It was a hot, summer’s day in 1997 when our Mum returned from work with two copies of the first Harry Potter book: Harry Potter and the Philosopher’s Stone. The following week was spent lying in the shade of the garden (summer holidays were actually hot back then), glued to the story of this unsuspecting wizard. Far removed from our suburban home and looming return to an ‘ordinary’ school, we fell in love with JK Rowling’s wizarding world; continuing to read the books and watch the films as they were released over the coming decade.
Our only ever disappointment was that these fantasy novels were just that: fantasy.
Given our 20-year love affair with Harry Potter, it’s no surprise that The Wizarding World of Harry Potter at Universal Studios, Orlando, was top of our list when we arrived for our week of fun in January. When asked by our fantastic tour guide, Rich, what was the first thing we wanted to see, we shouted ‘HARRY POTTER’ so loudly that we silenced him for a moment.
Little did we know that what awaited us was far more than just a few Harry Potter themed rollercoasters or a jug of butterbeer. You see, the Wizarding World of Harry Potter is just that: an entire world. One you can live, breathe, touch and taste. It feels so real that ‘super fans’ have been known to slip through the net of reality whilst in the park. Rich, our guide, told us the story of the first fans to visit Diagon Alley, who attempted to flush themselves down the public toilets in a courageous attempt to reach the Ministry of Magic. Sadly, the flush of the toilet took them absolutely nowhere and the only outcome were soggy, germ contaminated clothes. Whilst Laura and I didn’t attempt to flush ourselves down the loo, we did lose ourselves entirely in this magical world for seven blissful days.
Here’s our experience of Harry’s world and a complete guide to both parks, for those looking to escape the reality of the muggle world.
Diagon Alley (Universal Studios)
Rounding the brick wall into Diagon Alley is a little like going through the back of the wardrobe and into Narnia. The bustling alleyway packed with its colourful shops, the rumbling train overhead and the dragon draped over Gringotts bank, is dazzling. On our first visit to Diagon Alley, we failed to move for ten minutes; glued to the spot as our senses tried to take in all that we could see, smell and hear. See, The Wizarding World of Harry Potter isn’t just another theme park for kids – it’s a beautifully curated, detailed driven haven for kids and adults alike. It’s true escapism and the perfect antidote for those January blues.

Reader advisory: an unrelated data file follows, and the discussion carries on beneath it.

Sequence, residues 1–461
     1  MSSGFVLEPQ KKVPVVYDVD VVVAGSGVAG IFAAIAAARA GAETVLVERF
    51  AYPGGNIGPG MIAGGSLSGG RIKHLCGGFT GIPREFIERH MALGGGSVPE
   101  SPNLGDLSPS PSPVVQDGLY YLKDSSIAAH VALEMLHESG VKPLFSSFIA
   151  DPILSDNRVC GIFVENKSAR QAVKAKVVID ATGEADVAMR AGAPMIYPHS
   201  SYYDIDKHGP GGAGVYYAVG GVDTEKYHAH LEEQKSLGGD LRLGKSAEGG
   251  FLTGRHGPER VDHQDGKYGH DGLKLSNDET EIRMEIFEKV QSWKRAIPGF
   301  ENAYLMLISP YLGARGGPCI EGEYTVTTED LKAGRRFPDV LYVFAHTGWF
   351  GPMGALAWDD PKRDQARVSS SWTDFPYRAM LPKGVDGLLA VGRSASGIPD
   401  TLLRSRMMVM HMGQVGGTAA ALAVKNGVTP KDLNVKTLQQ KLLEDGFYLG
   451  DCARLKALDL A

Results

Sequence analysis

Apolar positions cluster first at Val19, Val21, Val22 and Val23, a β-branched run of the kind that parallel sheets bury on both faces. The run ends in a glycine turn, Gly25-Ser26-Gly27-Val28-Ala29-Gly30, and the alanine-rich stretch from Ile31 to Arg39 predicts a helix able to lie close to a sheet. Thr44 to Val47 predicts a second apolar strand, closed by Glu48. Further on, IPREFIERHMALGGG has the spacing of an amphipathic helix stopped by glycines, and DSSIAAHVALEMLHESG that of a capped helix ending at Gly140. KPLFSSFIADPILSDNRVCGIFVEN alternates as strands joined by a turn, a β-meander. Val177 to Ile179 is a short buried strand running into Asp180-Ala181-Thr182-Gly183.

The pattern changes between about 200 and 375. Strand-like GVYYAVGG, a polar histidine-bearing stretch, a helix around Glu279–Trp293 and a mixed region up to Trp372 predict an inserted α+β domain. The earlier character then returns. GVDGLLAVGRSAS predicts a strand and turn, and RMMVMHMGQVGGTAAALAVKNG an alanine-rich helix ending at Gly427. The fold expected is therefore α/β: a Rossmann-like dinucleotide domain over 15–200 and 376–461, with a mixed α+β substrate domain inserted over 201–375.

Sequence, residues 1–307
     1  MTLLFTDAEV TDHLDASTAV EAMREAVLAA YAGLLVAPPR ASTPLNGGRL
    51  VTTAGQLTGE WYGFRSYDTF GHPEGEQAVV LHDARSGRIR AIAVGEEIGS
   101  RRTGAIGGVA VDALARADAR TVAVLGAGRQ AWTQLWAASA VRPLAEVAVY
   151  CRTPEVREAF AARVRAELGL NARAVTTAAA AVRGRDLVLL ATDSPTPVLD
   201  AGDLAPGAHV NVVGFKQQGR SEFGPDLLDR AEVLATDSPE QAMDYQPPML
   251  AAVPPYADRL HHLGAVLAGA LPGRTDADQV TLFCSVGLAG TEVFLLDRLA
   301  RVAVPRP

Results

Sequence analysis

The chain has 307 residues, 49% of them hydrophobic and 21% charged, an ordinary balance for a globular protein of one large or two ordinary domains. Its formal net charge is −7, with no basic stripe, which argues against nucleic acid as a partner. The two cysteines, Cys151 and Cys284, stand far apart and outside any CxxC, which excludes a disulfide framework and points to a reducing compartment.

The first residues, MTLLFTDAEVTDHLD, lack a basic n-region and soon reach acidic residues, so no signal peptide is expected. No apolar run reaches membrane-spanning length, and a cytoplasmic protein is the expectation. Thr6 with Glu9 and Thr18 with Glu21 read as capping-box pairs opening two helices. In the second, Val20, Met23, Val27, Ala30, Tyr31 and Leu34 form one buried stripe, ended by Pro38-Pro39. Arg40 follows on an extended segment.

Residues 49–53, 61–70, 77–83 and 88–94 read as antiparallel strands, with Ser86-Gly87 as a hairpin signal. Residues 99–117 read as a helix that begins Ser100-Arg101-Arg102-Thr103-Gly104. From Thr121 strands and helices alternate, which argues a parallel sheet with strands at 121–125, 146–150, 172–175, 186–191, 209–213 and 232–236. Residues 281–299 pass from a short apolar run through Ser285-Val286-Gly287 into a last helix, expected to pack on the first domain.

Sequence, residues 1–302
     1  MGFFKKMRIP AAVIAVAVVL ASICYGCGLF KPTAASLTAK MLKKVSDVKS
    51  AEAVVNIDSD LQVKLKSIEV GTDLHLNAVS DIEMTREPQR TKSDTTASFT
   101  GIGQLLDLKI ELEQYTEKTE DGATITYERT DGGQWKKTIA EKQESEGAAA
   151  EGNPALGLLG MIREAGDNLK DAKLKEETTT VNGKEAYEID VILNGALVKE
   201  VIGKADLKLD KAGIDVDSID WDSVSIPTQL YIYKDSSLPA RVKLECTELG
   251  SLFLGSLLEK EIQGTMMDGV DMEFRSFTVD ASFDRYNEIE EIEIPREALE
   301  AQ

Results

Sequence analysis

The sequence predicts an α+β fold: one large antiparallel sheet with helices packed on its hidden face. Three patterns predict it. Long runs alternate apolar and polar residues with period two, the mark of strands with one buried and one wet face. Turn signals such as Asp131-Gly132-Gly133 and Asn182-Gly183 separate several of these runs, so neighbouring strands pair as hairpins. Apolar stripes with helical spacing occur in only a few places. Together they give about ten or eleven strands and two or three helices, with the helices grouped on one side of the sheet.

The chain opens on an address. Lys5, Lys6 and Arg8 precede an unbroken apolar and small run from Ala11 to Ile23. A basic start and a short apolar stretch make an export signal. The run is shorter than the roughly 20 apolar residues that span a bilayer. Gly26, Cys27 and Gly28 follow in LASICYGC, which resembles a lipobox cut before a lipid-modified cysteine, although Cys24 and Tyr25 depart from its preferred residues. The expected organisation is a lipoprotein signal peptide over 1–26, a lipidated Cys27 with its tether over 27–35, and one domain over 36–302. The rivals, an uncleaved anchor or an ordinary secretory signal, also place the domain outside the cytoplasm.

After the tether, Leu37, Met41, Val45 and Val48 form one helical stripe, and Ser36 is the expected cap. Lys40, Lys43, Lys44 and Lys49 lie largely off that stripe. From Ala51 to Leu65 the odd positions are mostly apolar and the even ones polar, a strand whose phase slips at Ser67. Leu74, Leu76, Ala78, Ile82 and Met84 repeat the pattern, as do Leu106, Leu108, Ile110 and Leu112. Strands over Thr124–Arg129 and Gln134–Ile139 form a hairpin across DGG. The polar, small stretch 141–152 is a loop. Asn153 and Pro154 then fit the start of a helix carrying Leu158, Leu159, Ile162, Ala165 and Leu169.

The experience, however, doesn’t begin in Diagon Alley, but out on the streets of ‘London’. Hidden away, with no obvious sign post, the first thought of many frustrated visitors to Diagon Alley is to ask one of the King’s Cross employees for directions. Unfortunately, true to the book, the most you’ll get from these staff members is a puzzled look and a shrug of the shoulders. Diagon Alley isn’t for muggles. The only hint that something special might be lurking beyond the brick walls is the Knight Bus, complete with rowdy, dangling shrunken heads. Look carefully and you’ll also see Kreacher, the house elf, occasionally peeking out from behind a curtain at Grimmauld Place .
Once you’ve succeeded in your quest to find Diagon Alley, your next task will be to decide where to begin exploring the bustling alleyway. The level of detail in the shop windows alone is enough to keep you busy for an entire morning; from moving knitting needles to Weasley’s Puking Pastills. Once you’ve torn yourself away from exploring the shops or indulging in some traditional English grub at the Leaky Cauldron, round the corner and take a step into the sinister darkness of Knockturn Alley, where you’ll find singing shrunken heads and a shop dedicated to the dark arts.